A Test Strip Self Portrait

12/8/16
WRITTEN BY: Michael Natter
FacebookTwitterEmail
 
mike-natter-3

I remember it well. Too well. There were screams of a child that woke me and after taking some time to orient, I realized I was in a hospital bed. Wires and tubes were stuck to my young body, my mouth was dry, and machines buzzed and beeped all around. The yells of a little boy being wheeled past me, head covered in blood soaked gauze, have been seared into my memory. How did I get here?

In the summer months leading up to my pediatric hospitalization, I was waking up numerous times at night to urinate and chug glasses of water. I spent the days lethargic on the couch between my urgent bathroom runs. My young body was withering away. All the while, unbeknownst to neither my family nor I, dangerously high levels of acidic products were building up in my blood stream. Two weeks after my ninth birthday, my father carried me into the emergency department at Mount Sinai hospital in New York City. Intravenous lines were urgently pierced through my skin and then all went black.

Growing up with Type 1 diabetes is a struggle, but it has taught me many things about myself as well. When you are forced to manage your own blood glucose levels, you learn to appreciate the elegant and complicated symphony your pancreas so graciously handles for you – until it no longer does. With no medical professionals in my family and my natural inclination towards the arts and humanities, the idea of pursuing a career in medicine never dawned on me. Type 1 diabetes opened up an intellectual passion for me that I would have never found otherwise. 22 years have passed since I awoke in that ICU bed and while I am just a few short months away from graduating from medical school, I will always be that patient before I am a doctor. As I enter into my residency training to become an endocrinologist, with long sleepless nights ahead of me, and in my most trying of moments, it will be that understanding of what it is like to be the scared patient which will carry me through. I can understand and connect with my patients because I am one.

It is because of my diabetes that I found my calling and it did something else too. I am what is known as a “non-traditional” medical student in that my background is in the arts and not the sciences. Growing up with diabetes gave me the passion for science in a way that also helped me see the overlap art plays in medicine. The delicate balance of insulin and glucose is not bland facts on a textbook page, it is elegant choreography; it is an intricate performance; it is an orchestra of infinite molecules; it is art.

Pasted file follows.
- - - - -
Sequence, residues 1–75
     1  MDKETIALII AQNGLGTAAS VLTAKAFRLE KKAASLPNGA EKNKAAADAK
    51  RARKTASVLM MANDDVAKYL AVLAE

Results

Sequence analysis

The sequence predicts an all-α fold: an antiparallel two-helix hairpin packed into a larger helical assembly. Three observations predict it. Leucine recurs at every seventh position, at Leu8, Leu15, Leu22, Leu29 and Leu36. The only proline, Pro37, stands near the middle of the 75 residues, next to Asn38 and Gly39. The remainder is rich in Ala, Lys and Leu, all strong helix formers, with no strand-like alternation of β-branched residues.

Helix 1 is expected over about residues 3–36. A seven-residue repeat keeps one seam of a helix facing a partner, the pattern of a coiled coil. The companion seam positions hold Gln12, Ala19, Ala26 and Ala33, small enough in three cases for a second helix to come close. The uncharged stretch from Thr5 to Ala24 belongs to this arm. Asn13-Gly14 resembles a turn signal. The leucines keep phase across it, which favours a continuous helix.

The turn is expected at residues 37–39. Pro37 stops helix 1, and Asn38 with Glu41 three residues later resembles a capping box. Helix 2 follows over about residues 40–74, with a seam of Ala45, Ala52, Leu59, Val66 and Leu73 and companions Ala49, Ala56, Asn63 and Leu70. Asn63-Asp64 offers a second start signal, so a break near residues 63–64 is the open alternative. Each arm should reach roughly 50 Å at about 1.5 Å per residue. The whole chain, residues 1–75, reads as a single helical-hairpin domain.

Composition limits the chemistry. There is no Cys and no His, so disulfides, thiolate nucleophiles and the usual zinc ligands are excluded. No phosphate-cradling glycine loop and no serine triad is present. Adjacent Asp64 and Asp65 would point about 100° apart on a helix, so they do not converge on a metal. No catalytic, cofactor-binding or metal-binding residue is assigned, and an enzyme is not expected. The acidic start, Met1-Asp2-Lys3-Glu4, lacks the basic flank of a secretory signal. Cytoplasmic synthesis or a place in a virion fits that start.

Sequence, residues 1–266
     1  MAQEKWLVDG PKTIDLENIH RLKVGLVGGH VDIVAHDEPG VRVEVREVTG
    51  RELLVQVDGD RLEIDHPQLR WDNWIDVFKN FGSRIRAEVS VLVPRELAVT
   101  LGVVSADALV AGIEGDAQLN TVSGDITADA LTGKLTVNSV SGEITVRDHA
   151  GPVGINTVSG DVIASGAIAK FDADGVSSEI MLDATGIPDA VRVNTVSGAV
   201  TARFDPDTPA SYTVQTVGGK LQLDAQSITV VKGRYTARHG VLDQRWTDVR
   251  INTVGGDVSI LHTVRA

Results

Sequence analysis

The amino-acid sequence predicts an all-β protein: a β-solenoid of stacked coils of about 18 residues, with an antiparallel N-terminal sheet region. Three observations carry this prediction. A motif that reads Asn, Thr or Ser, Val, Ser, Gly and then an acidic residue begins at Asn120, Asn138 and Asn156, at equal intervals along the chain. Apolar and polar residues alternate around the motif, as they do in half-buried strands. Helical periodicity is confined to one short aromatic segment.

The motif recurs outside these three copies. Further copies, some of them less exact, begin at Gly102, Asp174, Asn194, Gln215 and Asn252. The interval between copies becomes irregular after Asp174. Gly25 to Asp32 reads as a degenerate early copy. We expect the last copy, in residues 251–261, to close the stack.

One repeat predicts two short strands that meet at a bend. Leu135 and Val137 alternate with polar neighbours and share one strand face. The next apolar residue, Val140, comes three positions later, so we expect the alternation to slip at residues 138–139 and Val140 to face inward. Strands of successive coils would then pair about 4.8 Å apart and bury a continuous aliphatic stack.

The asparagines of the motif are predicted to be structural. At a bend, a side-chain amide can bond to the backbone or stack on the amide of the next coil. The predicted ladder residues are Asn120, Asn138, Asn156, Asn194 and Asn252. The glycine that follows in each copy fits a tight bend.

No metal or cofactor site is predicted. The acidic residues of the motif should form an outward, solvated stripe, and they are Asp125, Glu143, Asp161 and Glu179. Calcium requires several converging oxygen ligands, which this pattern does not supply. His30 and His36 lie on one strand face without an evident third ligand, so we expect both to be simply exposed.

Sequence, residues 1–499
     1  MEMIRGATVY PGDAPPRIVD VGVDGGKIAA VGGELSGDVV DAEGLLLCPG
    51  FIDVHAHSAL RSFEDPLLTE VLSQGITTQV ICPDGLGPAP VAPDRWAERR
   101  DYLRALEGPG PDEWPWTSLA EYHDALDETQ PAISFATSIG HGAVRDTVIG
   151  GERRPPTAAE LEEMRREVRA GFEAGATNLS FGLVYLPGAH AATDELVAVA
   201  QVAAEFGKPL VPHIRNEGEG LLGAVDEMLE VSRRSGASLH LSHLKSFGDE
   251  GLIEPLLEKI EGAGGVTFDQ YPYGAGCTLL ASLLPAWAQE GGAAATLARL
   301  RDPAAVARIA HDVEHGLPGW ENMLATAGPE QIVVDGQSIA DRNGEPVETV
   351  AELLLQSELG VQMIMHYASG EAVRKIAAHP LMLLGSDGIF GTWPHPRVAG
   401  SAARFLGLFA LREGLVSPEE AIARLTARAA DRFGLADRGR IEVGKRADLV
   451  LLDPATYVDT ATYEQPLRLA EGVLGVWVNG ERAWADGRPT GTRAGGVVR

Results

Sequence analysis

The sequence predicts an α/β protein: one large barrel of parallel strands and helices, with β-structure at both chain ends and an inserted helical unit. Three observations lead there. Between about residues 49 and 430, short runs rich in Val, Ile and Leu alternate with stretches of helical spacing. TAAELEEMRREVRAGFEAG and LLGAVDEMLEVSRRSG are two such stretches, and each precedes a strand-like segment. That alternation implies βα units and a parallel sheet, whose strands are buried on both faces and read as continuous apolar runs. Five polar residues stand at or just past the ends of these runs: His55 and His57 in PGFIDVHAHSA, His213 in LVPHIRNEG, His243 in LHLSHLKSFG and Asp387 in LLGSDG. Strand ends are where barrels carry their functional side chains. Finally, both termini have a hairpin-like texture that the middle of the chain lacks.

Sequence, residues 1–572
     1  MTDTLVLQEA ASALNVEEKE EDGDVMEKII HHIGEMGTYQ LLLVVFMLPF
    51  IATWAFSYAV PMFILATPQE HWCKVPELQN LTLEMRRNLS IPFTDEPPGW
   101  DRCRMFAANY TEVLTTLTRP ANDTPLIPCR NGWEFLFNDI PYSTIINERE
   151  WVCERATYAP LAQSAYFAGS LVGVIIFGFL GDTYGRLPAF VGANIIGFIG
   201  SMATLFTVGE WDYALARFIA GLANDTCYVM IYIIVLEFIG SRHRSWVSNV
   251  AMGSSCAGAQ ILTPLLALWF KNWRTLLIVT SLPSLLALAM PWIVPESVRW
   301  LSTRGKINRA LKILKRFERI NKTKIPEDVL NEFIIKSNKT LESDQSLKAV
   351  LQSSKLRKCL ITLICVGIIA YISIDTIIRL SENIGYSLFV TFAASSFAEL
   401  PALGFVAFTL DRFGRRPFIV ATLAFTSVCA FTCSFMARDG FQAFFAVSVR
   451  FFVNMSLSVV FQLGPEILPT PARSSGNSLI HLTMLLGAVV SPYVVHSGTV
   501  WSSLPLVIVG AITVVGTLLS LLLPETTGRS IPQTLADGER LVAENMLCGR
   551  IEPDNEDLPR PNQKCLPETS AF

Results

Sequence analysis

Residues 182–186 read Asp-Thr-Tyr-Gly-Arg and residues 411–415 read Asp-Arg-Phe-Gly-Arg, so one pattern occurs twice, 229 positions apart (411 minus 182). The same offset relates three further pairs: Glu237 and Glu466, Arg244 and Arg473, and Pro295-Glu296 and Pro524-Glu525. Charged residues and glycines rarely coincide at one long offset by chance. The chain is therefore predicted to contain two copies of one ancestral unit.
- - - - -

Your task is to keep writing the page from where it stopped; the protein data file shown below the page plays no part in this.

michael-natter-1mike-natter-7Throughout medical school the two things that kept me grounded were my art and my diabetes. A sad thing happens to medical students as they progress through their education and careers: they lose their empathy. The amount of work and life sacrifices one has to endure on this journey make it difficult to remain balanced and caring toward your patients. Once again, being diabetic means I am reminded on an hourly basis of what the life of a patient is like and by regularly expressing myself artistically with my drawing, I am able to find balance and come to terms with many of the difficult things we as medical professionals deal with.

My broken pancreas robbed me of many things, but it also has given me something too: a calling.


Check out other artwork for the Beyond Type 1 Express Yourself Competition and see more of his prints here!



Michael Natter

Michael Natter is a 31-year-old artist and medical student originally from NYC, currently in his last year of medical school at Sidney Kimmel Medical College at Thomas Jefferson University in Philadelphia, PA. He was diagnosed with Type 1 diabetes in 1994 at the age of 9. Fun fact: Between his post-bac pre medical program at Columbia University and starting medical school, he created and self-published a comic book entitled “Captain Langerhans: Diabetic Superhero,” with the goal of helping newly diagnosed kids understand the complex pathophysiology of the disease in a language they could understand. Follow him on Instagram: mike.natter and Twitter: mike_natter.